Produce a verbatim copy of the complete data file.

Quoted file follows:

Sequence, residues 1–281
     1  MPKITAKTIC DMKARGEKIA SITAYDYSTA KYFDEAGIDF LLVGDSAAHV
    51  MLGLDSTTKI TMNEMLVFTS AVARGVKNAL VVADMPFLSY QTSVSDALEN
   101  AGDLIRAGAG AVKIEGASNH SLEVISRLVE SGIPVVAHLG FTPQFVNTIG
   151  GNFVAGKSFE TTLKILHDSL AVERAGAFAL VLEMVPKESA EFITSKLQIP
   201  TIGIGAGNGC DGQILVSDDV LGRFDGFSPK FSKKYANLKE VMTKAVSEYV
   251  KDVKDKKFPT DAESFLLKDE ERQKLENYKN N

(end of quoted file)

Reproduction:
Sequence, residues 1–281
     1  MPKITAKTIC DMKARGEKIA SITAYDYSTA KYFDEAGIDF LLVGDSAAHV
    51  MLGLDSTTKI TMNEMLVFTS AVARGVKNAL VVADMPFLSY QTSVSDALEN
   101  AGDLIRAGAG AVKIEGASNH SLEVISRLVE SGIPVVAHLG FTPQFVNTIG
   151  GNFVAGKSFE TTLKILHDSL AVERAGAFAL VLEMVPKESA EFITSKLQIP
   201  TIGIGAGNGC DGQILVSDDV LGRFDGFSPK FSKKYANLKE VMTKAVSEYV
   251  KDVKDKKFPT DAESFLLKDE ERQKLENYKN N